Pakistan, India try to defuse tensions amid Kashmir clashes
In this Saturday, Oct. 1, 2016 photo, Pakistan army soldiers monitor the area from the hilltop Bagsar post on the line of control, that divides Kashmir between Pakistan and India, near Bhimber, some 166 kilometers (103 miles) from Islamabad, Pakistan. Officials in Islamabad say Pakistan and India are trying to de-escalate border tensions after their troops exchanged several rounds of gunfire over the last week in the disputed Kashmir region. (AP Photo/Anjum Naveed)
October 04, 2016 - 7:10 AM
ISLAMABAD - Pakistan and India traded fresh accusations of cross-border fire in Kashmir on Tuesday, a day after top officials discussed ways of de-escalating tensions over the disputed Himalayan region.
Lt. Col. Manish Mehta, an Indian army spokesman, said Pakistani soldiers fired mortars at Indian army positions. Indian soldiers "appropriately responded to the unprovoked cease-fire violations," he said. The Pakistani military said its troops responded to "unprovoked" Indian fire, which continued for two hours.
Pakistani National Security Adviser Nasser Khan Janjua briefly spoke with his Indian counterpart Ajit Doval on Monday, three officials in Islamabad said, the first such high-level contact in weeks. The three officials, including a close aide to Prime Minister Nawaz Sharif, spoke on condition of anonymity because they were not authorized to brief media.
Tensions have soared between the two nuclear-armed rivals since a Sept. 18 militant attack in Kashmir that killed 19 Indian soldiers. The mountainous region is divided between Indian and Pakistani-controlled zones, but both countries claim Kashmir in its entirety and have fought two wars over it.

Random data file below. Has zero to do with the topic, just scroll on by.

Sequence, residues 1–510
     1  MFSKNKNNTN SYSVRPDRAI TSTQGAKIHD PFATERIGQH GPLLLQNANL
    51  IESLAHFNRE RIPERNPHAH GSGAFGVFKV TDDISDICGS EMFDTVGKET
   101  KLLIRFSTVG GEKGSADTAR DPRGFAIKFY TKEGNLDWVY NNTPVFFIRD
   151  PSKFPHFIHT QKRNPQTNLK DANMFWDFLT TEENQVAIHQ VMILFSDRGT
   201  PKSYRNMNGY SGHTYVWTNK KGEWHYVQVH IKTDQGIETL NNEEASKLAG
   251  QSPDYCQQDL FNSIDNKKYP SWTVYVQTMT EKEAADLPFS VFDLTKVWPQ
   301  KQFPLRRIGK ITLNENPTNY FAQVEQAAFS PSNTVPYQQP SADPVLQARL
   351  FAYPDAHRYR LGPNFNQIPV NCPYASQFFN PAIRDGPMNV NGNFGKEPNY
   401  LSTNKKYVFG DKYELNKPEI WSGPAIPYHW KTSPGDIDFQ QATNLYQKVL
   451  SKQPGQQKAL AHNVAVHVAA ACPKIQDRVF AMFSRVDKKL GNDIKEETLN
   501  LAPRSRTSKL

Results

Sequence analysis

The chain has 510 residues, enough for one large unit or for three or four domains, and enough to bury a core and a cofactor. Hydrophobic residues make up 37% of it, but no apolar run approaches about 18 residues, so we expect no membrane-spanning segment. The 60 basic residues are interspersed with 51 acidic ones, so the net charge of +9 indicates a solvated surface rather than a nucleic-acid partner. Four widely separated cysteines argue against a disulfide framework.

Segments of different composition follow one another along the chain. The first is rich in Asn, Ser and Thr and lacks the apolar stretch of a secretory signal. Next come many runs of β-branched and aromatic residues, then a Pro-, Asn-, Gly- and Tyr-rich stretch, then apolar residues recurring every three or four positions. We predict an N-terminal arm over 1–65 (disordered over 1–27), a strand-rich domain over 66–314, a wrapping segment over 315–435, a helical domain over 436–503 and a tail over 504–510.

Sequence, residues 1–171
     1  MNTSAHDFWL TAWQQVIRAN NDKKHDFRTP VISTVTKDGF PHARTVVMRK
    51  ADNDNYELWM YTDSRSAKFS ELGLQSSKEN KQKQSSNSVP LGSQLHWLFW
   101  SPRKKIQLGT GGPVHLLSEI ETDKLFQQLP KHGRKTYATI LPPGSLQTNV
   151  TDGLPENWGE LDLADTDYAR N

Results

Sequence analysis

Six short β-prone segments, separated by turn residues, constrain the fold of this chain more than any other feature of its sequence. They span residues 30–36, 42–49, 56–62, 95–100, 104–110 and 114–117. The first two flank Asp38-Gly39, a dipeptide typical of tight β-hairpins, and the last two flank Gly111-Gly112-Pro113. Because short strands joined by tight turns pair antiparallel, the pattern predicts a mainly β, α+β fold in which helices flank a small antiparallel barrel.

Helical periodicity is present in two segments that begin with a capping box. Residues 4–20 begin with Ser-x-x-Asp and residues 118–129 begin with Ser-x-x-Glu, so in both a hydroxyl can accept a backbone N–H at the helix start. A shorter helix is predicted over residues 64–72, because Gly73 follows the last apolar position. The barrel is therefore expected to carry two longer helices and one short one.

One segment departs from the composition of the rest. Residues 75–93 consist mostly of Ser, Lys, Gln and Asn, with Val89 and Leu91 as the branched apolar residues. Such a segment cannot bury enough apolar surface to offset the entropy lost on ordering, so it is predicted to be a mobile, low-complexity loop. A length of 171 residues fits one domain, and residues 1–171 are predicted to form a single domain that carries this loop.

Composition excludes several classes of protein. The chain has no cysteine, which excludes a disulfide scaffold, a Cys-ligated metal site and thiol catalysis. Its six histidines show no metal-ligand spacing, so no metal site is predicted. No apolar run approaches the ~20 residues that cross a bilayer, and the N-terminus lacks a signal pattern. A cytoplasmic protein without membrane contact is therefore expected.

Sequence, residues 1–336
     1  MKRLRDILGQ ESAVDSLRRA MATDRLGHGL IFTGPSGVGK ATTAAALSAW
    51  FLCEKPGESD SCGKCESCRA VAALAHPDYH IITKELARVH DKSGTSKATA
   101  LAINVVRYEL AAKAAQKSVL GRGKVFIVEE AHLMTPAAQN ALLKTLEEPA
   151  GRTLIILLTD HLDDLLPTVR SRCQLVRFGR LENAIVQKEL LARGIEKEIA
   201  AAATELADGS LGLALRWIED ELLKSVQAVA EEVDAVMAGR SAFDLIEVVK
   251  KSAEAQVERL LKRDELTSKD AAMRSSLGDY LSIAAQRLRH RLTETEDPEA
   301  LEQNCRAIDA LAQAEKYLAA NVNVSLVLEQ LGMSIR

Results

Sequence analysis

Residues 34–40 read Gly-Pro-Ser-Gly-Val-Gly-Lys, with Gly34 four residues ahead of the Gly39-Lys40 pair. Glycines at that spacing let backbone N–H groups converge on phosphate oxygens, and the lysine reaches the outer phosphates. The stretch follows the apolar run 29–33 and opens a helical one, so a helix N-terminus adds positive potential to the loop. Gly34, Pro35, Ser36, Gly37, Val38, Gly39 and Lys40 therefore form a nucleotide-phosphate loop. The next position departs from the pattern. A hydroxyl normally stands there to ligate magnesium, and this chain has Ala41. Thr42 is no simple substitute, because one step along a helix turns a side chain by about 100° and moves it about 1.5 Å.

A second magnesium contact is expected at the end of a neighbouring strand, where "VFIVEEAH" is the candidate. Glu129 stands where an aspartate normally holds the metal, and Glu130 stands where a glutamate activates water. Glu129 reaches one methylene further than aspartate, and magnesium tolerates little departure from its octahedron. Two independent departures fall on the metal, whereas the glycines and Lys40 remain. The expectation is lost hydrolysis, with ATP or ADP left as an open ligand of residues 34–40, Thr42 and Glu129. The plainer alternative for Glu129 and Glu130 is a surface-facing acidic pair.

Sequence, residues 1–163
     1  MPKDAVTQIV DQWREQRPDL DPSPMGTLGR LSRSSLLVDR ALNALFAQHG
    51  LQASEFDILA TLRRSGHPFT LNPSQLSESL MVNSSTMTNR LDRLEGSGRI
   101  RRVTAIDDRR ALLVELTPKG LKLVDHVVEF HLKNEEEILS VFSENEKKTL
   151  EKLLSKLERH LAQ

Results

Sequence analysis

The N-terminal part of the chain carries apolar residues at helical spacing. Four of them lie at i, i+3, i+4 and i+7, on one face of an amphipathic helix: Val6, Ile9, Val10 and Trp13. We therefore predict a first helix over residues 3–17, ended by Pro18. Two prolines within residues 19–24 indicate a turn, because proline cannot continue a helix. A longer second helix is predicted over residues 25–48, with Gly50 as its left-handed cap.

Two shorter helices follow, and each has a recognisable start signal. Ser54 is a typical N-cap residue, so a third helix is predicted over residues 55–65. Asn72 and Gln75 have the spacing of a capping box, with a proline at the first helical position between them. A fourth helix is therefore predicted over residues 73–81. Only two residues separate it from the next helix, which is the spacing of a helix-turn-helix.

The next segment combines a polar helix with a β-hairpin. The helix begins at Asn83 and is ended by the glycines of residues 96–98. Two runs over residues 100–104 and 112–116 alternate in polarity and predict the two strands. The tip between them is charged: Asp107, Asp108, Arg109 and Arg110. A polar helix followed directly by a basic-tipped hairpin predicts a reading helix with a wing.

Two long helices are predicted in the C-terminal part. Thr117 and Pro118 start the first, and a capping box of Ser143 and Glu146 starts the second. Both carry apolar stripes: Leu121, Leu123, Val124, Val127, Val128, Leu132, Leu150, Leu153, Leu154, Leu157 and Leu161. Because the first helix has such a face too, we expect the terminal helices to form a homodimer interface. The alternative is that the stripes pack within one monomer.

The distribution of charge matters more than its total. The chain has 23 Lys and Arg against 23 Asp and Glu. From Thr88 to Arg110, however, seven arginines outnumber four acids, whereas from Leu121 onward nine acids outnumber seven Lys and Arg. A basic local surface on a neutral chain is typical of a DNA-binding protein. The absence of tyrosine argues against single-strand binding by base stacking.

The Indian army said last week that a "surgical strike" had destroyed "terrorist launching pads" used by Pakistan-backed militants. Islamabad rejected the Indian account, saying cross-border fire killed two Pakistani soldiers.
Pakistan says it extends moral and diplomatic support to Kashmir militants but denies India's accusations that it arms and trains them.
At a meeting of the National Security Committee on Tuesday, Sharif said Pakistan has no aggressive designs against any nation, but "our quest for peace must not be mistaken as a sign of weakness."
A government statement released after the meeting said Pakistan was "effectively fighting terrorism and has made phenomenal progress in the war against terrorism," but that heightened tensions with India could shift its focus.
The two sides have exchanged several rounds of fire over the past week. Five civilians were wounded by cross-border fire on Monday. No casualties were reported from Tuesday's exchange.
Associated Press writers Aijaz Hussain in Srinagar, India, and Munir Ahmed in Islamabad contributed to this report.
News from © The Associated Press, 2016